Momentum is building for action to prevent patients from receiving massive unexpected medical bills, aided by President Trump, who is vowing to take on the issue.
Calls for action against so-called surprise medical bills have been growing, spurred by viral stories like one involving a teacher in Texas last year who received a $108,951 bill from the hospital after his heart attack. Even though the teacher had insurance, the hospital was not in his insurance network.
Lawmakers in both parties say they want to take action to protect people from those situations, marking a health care area outside of the partisan standoff over ObamaCare, where Congress could advance bipartisan legislation to help patients.
Trump gave a boost to efforts on Wednesday.
“[People] go in, they have a procedure and then all of a sudden they can’t afford it, they had no idea it was so bad,” Trump said at a roundtable with patients about the issue.
“We’re going to stop all of it, and it’s very important to me,” he added.
But the effort still faces obstacles from powerful health care industry groups — including hospitals, insurers and doctors. Those groups are jockeying to ensure that they avoid a financial hit from whatever solution lawmakers and the White House back.
Asked if he expected resistance from the health care industry, Sen. Lamar Alexander (R-Tenn.), the chairman of the Senate Health Committee, told reporters Thursday, “I would expect so.”
“Someone has to pay the bill,” Alexander added.
A source familiar with the discussions said insurers and hospitals are “both at the table,” but “they’re just battling with each other on who’s going to take the bigger hit.”
Alexander insisted lawmakers would push forward nonetheless.
“People go to the emergency room and they suddenly are surprised a few weeks later with a bill for $3,000 from an out-of-network doctor,” Alexander said. “We don’t want that happening, so one way or the other I expect to see that addressed in the next several months.”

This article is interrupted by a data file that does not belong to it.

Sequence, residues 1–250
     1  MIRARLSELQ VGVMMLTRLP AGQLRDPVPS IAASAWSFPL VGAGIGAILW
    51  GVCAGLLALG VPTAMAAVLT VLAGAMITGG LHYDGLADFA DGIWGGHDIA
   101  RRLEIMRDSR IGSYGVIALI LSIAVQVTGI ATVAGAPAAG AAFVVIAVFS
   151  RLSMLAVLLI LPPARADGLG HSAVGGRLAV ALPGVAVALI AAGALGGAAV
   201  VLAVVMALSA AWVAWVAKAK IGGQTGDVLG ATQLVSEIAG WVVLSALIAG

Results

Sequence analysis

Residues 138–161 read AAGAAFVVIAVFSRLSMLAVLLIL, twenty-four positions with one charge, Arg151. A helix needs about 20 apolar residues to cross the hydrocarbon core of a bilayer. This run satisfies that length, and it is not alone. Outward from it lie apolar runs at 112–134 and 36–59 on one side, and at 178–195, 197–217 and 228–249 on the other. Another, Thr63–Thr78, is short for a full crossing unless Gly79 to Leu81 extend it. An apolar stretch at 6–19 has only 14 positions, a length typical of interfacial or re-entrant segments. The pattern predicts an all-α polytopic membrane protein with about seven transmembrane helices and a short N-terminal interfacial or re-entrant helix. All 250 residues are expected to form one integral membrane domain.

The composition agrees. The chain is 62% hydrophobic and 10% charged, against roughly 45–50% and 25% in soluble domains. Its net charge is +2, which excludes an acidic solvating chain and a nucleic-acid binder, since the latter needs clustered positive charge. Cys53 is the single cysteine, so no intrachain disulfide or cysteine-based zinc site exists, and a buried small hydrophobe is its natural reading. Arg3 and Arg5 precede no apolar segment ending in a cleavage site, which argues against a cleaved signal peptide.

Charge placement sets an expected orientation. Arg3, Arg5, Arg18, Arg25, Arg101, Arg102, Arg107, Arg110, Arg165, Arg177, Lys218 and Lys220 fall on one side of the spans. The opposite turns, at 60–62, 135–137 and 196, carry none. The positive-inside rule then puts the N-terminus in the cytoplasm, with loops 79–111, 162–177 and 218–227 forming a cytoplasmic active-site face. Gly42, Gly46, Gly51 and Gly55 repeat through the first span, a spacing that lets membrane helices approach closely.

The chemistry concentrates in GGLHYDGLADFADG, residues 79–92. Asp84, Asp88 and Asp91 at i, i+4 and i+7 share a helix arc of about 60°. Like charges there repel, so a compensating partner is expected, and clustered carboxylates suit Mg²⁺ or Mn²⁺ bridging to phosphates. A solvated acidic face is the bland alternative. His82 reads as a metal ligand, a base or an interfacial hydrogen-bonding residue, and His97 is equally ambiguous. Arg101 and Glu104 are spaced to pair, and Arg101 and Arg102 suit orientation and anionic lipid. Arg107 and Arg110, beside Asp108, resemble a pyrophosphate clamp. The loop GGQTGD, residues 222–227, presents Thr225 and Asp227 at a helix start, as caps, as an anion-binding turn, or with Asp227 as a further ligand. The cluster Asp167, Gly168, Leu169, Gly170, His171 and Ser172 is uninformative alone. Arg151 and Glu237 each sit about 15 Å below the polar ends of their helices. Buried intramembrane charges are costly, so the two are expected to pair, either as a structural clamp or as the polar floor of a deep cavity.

Trump also received praise from Democrats for highlighting the issue this week.
“I was very glad to see the president start to pay attention to the issue,” Sen. Maggie Hassan (D-N.H.), who has sponsored legislation to protect patients from surprise bills, said in an interview.
She said she is “very optimistic that we will be able to find common ground.”
Lawmakers must first reconcile competing bills. In addition to Hassan’s measure, there is a bill from a bipartisan group led by Sen. Bill Cassidy (R-La.), and a House bill from Rep. Lloyd Doggett (D-Texas), the chairman of the Ways and Means health subcommittee.
“I am encouraged by the increased bipartisan interest, but we still face significant pushback,” Doggett said in a statement, adding that he will keep pushing to end the “predatory practice” of surprise billing.
The Senate group led by Cassidy hopes to get bipartisan support to coalesce around one bill on the issue. They’ve been in touch with Hassan’s office to discuss the best way to address the problem, a GOP aide said. Cassidy’s group hopes to introduce updated legislation soon, the aide said.
In the House, a Democratic aide said there is “momentum” for legislation on surprise bills and a hearing and markup are expected, but there is no timeline yet.
House Democratic staff have been in touch with Cassidy’s office, and there is a briefing on the issue from outside experts for staff for Ways and Means Committee members set to happen in the coming weeks.
All of the possible solutions would protect patients from having to pay exorbitant amounts if their doctor is outside of the insurance network. But the lingering question is who decides how much the insurer should pay to the doctor or hospital for that care.
Those details are what health care groups will be fighting over.
Molly Smith, a vice president at the American Hospital Association, said “patients need to be held harmless” and “we definitely want to be at the table” to discuss the solution.
“We are all on the same page of what the problem is,” said Kristine Grow, a spokeswoman for America’s Health Insurance Plans. Grow said the debate comes down to details over how health care providers will be paid and ensuring that insurance companies are able to maintain control over their networks.
Alexander said Congress will act even if health care groups cannot agree.
“The first place to deal with it is for the hospitals and doctors and insurance companies to get together and end the practice,” Alexander said.
“And if they don’t, Congress will do it for them.”